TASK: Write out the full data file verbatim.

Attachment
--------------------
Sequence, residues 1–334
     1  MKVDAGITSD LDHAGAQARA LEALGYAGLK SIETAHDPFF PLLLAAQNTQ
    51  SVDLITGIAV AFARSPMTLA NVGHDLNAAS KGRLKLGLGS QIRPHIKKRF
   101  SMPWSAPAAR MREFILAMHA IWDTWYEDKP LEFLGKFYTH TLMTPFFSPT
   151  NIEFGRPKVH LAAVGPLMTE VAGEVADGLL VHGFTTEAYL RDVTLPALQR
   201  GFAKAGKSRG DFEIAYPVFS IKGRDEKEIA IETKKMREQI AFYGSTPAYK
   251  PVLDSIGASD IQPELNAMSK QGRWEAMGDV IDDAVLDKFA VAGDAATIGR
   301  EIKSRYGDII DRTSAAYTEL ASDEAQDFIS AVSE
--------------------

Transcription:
Sequence, residues 1–334
     1  MKVDAGITSD LDHAGAQARA LEALGYAGLK SIETAHDPFF PLLLAAQNTQ
    51  SVDLITGIAV AFARSPMTLA NVGHDLNAAS KGRLKLGLGS QIRPHIKKRF
   101  SMPWSAPAAR MREFILAMHA IWDTWYEDKP LEFLGKFYTH TLMTPFFSPT
   151  NIEFGRPKVH LAAVGPLMTE VAGEVADGLL VHGFTTEAYL RDVTLPALQR
   201  GFAKAGKSRG DFEIAYPVFS IKGRDEKEIA IETKKMREQI AFYGSTPAYK
   251  PVLDSIGASD IQPELNAMSK QGRWEAMGDV IDDAVLDKFA VAGDAATIGR
   301  EIKSRYGDII DRTSAAYTEL ASDEAQDFIS AVSE